“There is acute demand for labor in construction, agriculture, information technology, the manufacturing sector and even the taxi business,” Kerobian wrote on Facebook this week.
He said Armenians should therefore urge their relatives and friends working abroad to return home and help “strengthen and develop our country.”
The appeal was met with skepticism and even derision in a country that has long suffered from high unemployment.
According a World Bank report released in March 2021, Armenia’s official unemployment rate reached 18 percent in September 2020, up by one percentage point from the pre-pandemic period. The Armenian economy shrunk by 7.6 percent last year due to the pandemic compounded by the autumn war in Nagorno-Karabakh.
Although the economy returned to growth this spring, the lifting by some countries, notably Russia, of coronavirus-related entry bans for Armenian citizens led to a sharp rise in labor out-migration. Government data suggests that some 80,000 people left Armenia in the first half of this year.
Kerobian insisted on Thursday that “there are many available jobs in Armenia” at present. “Those who are trying their luck abroad would definitely find decent jobs here, especially in the sectors mentioned by me,” the minister told reporters.
“There is even a lack of shepherds in villages,” he said. “They can’t find shepherds and have to hire them from various countries.”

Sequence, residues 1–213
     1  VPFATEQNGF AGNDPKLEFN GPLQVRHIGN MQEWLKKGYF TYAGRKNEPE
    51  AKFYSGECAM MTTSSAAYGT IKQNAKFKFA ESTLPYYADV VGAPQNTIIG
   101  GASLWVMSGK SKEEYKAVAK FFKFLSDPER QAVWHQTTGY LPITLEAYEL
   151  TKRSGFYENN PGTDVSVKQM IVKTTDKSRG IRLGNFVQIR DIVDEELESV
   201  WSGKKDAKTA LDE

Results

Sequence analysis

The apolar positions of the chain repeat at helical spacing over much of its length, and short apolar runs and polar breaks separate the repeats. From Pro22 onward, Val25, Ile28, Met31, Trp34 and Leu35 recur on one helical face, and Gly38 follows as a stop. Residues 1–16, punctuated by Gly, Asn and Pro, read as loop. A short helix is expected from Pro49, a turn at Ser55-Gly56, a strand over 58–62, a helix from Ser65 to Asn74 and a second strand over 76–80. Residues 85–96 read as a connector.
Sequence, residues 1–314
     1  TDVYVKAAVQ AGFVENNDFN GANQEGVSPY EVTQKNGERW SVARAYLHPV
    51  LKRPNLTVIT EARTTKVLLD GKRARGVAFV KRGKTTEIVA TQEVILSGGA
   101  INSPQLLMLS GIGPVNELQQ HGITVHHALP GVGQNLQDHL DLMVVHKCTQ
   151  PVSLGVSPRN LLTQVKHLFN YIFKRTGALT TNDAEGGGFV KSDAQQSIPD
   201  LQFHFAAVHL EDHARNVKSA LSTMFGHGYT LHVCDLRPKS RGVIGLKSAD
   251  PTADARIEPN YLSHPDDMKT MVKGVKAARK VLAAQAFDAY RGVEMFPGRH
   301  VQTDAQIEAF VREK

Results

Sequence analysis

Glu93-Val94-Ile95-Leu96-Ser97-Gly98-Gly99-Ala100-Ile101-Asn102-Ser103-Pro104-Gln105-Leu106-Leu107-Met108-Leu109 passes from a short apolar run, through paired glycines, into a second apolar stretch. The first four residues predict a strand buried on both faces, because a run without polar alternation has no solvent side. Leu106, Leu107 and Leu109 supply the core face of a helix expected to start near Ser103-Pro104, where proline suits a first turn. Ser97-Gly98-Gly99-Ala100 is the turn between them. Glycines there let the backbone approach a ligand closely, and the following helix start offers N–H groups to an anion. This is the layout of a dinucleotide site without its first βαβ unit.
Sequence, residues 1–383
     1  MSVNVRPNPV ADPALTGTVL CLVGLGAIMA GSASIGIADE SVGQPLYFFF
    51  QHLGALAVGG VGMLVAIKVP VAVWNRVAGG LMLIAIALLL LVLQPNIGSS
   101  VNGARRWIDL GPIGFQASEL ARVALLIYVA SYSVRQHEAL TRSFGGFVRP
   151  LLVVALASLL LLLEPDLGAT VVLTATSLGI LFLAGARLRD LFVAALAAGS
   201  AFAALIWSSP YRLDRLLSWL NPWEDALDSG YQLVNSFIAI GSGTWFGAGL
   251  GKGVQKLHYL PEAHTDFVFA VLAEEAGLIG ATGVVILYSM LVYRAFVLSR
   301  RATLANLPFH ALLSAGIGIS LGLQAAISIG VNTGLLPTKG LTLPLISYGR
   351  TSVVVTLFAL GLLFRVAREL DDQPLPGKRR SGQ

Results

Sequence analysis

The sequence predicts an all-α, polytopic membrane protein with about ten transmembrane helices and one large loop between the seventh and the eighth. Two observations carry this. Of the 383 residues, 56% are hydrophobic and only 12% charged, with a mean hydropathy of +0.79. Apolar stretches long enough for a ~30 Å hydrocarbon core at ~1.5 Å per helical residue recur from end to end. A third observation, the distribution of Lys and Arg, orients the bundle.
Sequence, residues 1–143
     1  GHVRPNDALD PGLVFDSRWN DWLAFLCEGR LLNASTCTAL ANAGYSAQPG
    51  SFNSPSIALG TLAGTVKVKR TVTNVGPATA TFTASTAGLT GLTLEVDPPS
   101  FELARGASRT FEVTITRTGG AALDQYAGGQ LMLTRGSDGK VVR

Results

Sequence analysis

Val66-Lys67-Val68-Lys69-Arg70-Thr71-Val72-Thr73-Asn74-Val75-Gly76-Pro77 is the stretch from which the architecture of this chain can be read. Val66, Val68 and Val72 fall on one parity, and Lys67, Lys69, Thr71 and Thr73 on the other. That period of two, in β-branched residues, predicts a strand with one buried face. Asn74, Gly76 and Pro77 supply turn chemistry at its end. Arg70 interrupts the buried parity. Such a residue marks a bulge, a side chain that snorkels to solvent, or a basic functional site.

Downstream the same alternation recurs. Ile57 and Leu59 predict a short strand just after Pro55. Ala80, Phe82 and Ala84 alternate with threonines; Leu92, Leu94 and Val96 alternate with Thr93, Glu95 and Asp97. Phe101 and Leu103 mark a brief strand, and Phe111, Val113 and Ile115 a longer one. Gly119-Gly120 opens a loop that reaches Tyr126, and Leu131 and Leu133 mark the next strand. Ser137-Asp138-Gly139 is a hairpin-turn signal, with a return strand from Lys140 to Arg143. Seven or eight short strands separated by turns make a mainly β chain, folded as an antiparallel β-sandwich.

Individuals running two private firms involved in animal husbandry confirmed this when they spoke with RFE/RL’s Armenian Service.
Armine Melkonian, the chief executive of the Navasard Agro firm based in the town of Sevan, said that even last year it had trouble hiring workers for its sheep and poultry farms despite offering to pay them at least 250,000 drams ($500) a month and cover their food and accommodation expenses.
According to official statistics, the average monthly wage in Armenia currently stands at 216,000 drams. It is considerably lower in rural areas that have long had the highest poverty rates.
“Last year, we brought in two workers from Tajikistan,” said Melkonian. “In March and April this year, we again posted job announcements and told our acquaintances in local villages to ask people if they are willing to work for us on good terms.”
“There was again zero reaction. So we again called our friends in Tajikistan so that they send two more workers here,” she said.
Sasun Asatrian, a co-owner of the Agroholding firm based in another small town, Spitak, said it had to hire Indian migrants for the same reason. Asatrian blamed the worker shortages on Armenians’ seasonal economic migration to Russia and the fact that “young people shy away from agricultural work.”
Kerobian spoke of an increased number of job vacancies posted online and monitored by the Armenian Ministry of Economy. But he gave no concrete figures.
A Yerevan-based private employment agency, Staff.am, currently lists about 1,200 vacancies on its website. One of its managers, Nazeli Badalian, confirmed that job openings have indeed increased of late.
Information technology specialists are now Armenia’s most in-demand workers, Badalian told RFE/RL’s Armenian Service.
Kerobian also pointed to data from the State Revenue Committee (SRC) which shows the number of officially registered workers in the country rising by 8,305 in June to a new record high of 643,000. The SRC has not clarified whether the increase primarily resulted from its crackdown on the informal sector of the economy or new jobs created by Armenian firms.